Mesh campaigners to press First Minister on their plight
The women insist they have been left with 'life-changing injuries' as a result of the surgery.
Mesh campaigners have pledged to press the First Minister on "substantive issues" during a meeting on Monday.
The women insist they have been left with "life-changing injuries" as a result of vaginal mesh surgery and are looking for a "range of commitments" from Nicola Sturgeon.
They will meet Ms Sturgeon in Glasgow on Monday morning after Conservative leader Jackson Carlaw raised their plight with her at Holyrood.
The Tory MSP demanded answers after expert American clinician Dr Dionysios Veronikis withdrew his offer to come to Scotland to perform mesh removal surgery.
Mr Carlaw said last month the Missouri-based clinician had called off the visit "mostly it seems due to a coordinated attempt to block him by powerful people in the NHS and the medical hierarchy".
Mesh campaigner Elaine Holmes said that was one of the issues they would be raising with Ms Sturgeon.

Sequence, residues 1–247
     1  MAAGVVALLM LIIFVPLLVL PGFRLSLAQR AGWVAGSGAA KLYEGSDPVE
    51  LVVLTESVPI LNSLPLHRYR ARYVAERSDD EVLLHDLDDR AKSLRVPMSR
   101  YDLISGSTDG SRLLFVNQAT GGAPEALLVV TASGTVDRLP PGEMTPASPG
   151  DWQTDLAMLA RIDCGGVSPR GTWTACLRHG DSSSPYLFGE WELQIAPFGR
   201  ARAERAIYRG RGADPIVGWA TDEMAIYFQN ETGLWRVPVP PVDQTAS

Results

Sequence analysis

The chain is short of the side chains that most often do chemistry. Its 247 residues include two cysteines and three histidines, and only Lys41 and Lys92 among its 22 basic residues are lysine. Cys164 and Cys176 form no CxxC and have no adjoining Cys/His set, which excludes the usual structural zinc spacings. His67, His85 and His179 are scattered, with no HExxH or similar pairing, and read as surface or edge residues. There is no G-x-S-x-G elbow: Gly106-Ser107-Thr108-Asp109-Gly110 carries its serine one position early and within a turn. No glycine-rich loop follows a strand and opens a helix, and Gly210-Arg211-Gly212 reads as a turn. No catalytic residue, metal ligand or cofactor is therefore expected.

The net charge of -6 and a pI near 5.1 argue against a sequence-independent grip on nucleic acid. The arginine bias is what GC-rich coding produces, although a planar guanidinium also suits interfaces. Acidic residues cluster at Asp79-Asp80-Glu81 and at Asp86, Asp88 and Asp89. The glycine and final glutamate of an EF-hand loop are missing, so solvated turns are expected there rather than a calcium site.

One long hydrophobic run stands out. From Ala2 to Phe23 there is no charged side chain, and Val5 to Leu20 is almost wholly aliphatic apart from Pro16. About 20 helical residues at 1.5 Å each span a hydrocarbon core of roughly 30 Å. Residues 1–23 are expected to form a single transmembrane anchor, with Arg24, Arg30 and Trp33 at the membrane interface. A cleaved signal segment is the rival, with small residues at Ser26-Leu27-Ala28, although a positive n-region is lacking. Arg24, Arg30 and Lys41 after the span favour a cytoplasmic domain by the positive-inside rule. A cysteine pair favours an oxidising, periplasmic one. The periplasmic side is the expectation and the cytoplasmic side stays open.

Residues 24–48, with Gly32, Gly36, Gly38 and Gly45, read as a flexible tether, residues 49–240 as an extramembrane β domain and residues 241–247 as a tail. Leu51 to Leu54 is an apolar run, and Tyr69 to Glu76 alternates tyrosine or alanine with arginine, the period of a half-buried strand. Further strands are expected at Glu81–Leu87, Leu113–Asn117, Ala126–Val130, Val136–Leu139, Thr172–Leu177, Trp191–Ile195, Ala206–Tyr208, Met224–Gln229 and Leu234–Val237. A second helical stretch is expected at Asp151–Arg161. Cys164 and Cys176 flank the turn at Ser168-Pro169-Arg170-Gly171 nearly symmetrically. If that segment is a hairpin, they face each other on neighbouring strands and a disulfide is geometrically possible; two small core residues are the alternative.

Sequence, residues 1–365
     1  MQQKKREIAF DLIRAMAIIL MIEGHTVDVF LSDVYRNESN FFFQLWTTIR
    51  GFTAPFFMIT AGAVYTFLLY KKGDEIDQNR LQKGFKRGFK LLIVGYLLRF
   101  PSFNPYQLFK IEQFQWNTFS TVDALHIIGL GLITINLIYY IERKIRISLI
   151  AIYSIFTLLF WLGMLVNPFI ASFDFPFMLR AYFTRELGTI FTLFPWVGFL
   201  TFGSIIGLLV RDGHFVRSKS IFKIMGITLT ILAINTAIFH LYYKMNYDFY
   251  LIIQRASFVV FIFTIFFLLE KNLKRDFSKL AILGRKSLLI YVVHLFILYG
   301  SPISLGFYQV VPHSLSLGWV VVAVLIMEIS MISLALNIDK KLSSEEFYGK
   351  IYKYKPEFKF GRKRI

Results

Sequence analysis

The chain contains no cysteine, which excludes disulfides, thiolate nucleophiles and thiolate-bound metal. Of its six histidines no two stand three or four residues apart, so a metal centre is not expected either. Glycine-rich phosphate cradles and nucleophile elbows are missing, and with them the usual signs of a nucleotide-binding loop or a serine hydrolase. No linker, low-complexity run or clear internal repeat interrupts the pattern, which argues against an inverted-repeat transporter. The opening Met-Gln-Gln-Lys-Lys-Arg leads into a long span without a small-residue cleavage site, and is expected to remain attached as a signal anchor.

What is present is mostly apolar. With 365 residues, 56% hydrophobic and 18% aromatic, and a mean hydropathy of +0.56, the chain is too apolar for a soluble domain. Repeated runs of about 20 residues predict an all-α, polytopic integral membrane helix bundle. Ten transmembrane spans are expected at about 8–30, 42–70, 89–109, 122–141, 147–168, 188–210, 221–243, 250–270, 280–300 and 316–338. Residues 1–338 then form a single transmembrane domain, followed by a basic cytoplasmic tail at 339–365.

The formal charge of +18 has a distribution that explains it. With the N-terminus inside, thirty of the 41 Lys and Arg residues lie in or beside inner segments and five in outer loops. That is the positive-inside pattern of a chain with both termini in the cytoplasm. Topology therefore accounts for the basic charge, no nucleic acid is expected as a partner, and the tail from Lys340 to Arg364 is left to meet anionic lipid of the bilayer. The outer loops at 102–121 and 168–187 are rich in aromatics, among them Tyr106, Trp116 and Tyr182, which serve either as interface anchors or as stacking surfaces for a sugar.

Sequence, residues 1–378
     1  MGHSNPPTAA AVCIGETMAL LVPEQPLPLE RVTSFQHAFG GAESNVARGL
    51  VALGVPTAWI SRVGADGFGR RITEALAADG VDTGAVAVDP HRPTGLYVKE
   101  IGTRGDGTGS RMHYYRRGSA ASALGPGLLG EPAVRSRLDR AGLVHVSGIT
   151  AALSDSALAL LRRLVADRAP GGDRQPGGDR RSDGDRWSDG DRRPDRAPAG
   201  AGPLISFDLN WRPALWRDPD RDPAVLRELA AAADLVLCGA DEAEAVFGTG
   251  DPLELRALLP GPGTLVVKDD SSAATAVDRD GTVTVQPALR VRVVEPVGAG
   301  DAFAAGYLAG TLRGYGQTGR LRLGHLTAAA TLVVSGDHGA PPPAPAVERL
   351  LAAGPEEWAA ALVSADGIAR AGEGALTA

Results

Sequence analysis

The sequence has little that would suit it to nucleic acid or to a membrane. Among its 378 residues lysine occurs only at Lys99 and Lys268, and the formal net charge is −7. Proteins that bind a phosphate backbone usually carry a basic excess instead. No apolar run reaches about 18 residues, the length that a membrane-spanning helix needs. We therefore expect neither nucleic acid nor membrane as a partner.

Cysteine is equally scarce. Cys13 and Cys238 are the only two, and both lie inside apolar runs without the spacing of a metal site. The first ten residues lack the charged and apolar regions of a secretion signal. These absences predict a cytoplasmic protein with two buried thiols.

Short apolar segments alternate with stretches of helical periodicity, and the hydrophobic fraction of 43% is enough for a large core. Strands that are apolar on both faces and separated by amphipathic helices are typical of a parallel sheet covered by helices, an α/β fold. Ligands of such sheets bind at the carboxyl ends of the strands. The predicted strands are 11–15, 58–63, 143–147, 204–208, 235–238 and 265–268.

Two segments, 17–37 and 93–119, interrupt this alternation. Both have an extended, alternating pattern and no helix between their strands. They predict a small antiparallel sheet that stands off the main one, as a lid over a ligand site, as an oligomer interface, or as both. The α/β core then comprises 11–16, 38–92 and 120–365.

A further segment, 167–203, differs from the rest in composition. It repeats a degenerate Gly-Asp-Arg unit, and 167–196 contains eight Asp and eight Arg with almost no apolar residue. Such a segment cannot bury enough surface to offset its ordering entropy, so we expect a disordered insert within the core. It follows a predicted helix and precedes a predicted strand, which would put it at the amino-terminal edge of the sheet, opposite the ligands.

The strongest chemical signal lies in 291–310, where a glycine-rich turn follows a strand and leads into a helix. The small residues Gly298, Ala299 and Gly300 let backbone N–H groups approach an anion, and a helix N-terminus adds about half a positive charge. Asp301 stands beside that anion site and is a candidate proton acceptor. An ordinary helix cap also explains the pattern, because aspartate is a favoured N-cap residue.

She stated: "Scottish mesh survivors have long requested a meeting with the First Minister in our fight for justice and we are pleased that this opportunity has now arisen.
"It is vital that the meeting is used to address a number of substantive issues where progress must be made such as bringing Dr Veronikis to Scotland.
"I and countless other women in Scotland have suffered life-changing injuries because of mesh and we will be seeking a range of commitments on Monday where action must be taken by the Scottish Government."
Mr Carlaw said the women had "campaigned for years for justice" and he hoped the meeting with the First Minister "now leads to real change".
The Conservative, who has championed the women's cause alongside Labour MSP Neil Findlay and former SNP health secretary Alex Neil, added that the "work to raise the profile of this appeal, and the plight of the women whose lives have been so devastated by this procedure, has been a genuinely cross-party effort".
He said: "It just shows how effective politics can be when everyone puts aside their differences to work together."
Mr Neil added: "This is a critically important meeting to progress the mesh campaign.
"The key objective is to ensure that everything possible is done to meet the needs of the women affected by botched procedures in particular by obtaining the services of Dr Veronikis.
"His pioneering work on mesh is world-leading and women in Scotland deserve the best."